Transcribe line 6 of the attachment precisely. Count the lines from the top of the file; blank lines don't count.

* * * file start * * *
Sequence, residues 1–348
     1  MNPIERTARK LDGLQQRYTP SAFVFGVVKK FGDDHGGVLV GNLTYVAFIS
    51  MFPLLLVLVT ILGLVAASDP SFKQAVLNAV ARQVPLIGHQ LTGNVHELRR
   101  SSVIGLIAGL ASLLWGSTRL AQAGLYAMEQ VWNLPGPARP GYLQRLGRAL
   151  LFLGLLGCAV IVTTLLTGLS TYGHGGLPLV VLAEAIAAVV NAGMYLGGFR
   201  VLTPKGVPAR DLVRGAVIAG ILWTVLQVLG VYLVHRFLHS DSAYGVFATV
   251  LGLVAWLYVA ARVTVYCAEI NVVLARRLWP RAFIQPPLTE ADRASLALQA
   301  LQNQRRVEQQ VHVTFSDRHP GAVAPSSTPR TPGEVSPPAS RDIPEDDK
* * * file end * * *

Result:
   201  VLTPKGVPAR DLVRGAVIAG ILWTVLQVLG VYLVHRFLHS DSAYGVFATV